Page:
Photo by Glenn Zucman

Great Television: Trump and the Morality of the Screen

A study by the Harvard Shorenstein Center showed that in his first 100 days as president, Donald Trump was the topic of 41 percent of national news coverage, three times the coverage presidents usually receive during that time period. At the big three cable channels, MSNBC, Fox, and CNN, combined audiences are up 33 percent since 2016, and he is one main reason. Referring to Trump, an advertising executive from Anheuser Busch told NPR that the presidential campaign really “popped” and that it “was a fun one to watch.” He is “a human breaking-news event,” a figure who seemingly “built his entire campaign around nothing so much as his singular ability to fill cable news’s endless demand for engaging content.”

I’ve spent two decades studying rhetoric, media, and politics, and the Trump phenomenon gives me pause. Trump is a bully, a racist, sexist, xenophobe—and news organizations are riding his ascendance to the bank. Do news organizations still operate as the Fourth Estate, as checks on executive power, as protectors of democratic values, or is that era is over? Trump is a test.

Earning media attention is Trump’s obsession and his craft. He reads and watches stories about himself, sends journalists feedback, calls TV shows, and reviews TV coverage to see what chyrons appear when he is on screen. As he explained in Art of the Deal, he works the press for mutual benefit:

if you do things that are bold or controversial, the press is going to write about you….people want to believe that something is the biggest and the greatest and the most spectacular. I call it truthful hyperbole. It’s an innocent form of exaggeration—and a very effective form of promotion.

Well before The Apprentice rescued his career, Trump was more than a subject for TV coverage; he was a calculating character on TV. Like any good reality TV character, Trump moves “between the pariah and the icon, the hated and the worshipped“, the face and the heel, because, loved or hated, his dramatic potential is currency.

And it’s not just Trump’s dramatic potential that interests the news media — it’s the entire phenomenon of big-time politics, including media coverage of it. Defending his choice to hire staffers Trump fired during the 2016 campaign, CNN President Jeff Zucker (who had signed Trump to The Apprentice in his old job at NBC) said he made the choice because fired Trump staffers were “characters in a drama.” Zucker correctly predicted that hiring Trump’s former campaign manager Corey Lewandowski would become “a cable-news story about cable news.” That is, Zucker viewed CNN as part of the story of Trump, not merely an entity reporting about Trump. During the Republican National Convention, Trump called surrogate Jeffrey Lord while he was on air with CNN talking to Anderson Cooper — itself remarkable — to complain about CNN’s coverage of his candidacy. Lord then relayed the complaints to Cooper, on air. When Lord later told him the story, Zucker grabbed him by the lapels of his suit coat and exclaimed, “That is great television!”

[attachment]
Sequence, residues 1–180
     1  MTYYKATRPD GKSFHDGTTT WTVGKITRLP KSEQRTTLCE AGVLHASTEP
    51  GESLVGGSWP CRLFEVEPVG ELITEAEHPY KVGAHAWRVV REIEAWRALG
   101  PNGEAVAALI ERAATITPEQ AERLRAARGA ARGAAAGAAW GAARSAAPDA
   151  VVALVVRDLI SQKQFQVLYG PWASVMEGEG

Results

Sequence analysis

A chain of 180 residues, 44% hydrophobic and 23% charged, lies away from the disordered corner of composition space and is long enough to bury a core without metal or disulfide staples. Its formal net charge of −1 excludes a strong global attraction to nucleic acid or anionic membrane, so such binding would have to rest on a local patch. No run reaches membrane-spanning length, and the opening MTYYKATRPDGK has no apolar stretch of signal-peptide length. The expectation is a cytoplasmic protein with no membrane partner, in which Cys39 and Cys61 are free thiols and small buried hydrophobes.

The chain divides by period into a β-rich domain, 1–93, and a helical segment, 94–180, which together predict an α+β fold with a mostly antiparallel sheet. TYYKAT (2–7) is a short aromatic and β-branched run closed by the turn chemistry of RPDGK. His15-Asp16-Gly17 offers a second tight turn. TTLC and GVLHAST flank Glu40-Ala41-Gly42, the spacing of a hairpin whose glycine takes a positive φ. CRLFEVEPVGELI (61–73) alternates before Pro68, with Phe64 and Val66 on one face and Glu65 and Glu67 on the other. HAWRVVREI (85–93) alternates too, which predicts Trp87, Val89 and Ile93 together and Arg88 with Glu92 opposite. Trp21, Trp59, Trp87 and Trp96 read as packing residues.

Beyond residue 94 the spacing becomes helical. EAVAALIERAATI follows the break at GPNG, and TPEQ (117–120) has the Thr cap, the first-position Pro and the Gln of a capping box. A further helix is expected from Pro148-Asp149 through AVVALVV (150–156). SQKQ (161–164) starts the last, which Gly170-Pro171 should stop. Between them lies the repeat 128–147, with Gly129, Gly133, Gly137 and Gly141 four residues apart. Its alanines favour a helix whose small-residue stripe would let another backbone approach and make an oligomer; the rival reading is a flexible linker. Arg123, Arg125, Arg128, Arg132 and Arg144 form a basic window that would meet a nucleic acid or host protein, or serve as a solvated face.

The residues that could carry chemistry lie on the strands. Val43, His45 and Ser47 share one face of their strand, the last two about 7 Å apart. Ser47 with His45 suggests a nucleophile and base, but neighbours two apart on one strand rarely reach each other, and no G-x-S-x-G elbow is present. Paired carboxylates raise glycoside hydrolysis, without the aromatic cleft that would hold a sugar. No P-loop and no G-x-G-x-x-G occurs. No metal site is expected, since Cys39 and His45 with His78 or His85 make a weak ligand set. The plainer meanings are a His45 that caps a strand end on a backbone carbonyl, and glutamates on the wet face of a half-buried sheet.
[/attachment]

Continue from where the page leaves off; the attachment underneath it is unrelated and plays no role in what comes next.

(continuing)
Trump’s value to news organizations is the open secret of the Trump phenomenon. Though many in the press despise him, “they love how easy he makes their jobs.” The same can be said for media buyers, who leverage Trumpian intrigue and suspense to sell advertising. Programs that Trump watches and talks about hike their ad rates. TV producers make programming choices in the hopes of provoking a tweet or rant. Singling out CNN or Morning Joe for “fake news” makes news. MSNBC President Phil Griffin recently said he wished Trump complained about MSNBC “because it’s like a promo for CNN all the time.”

To be sure, Trump’s bigotry and hyperbole do not make for a smooth presidency. Not all of its problems are a matter of public relations.

But it is time to stop viewing the Trump phenomenon as a story solely about electoral politics.

In the presidential election of 2016, Trump won, and so did the morality of the screen. This synergy between candidate and medium, though not entirely new in politics, is a far cry from the beginnings of TV news, when TV networks were dependent upon the government for access to public airwaves, and thus more accountable to democratic values. The success of cable channels changed the equation—the press is not so much pro-democracy as it is pro-media.

It is not possible for news organizations to act as observers from a position “outside” politics. News organizations create and participate in dramas about politics. What is interesting is that TV executives no longer hide their motives.

Trump raises the concern that future politicians will similarly commandeer attention in ways news organizations find irresistibly lucrative. This is not to say that ratings and profit motive can only benefit a Trump-type politician. His constant need for media attention undercuts him regularly, and his future in politics and business is uncertain.

But news networks survive only by making money, and there is no reason to think that their profit motive will serve the needs of the American people.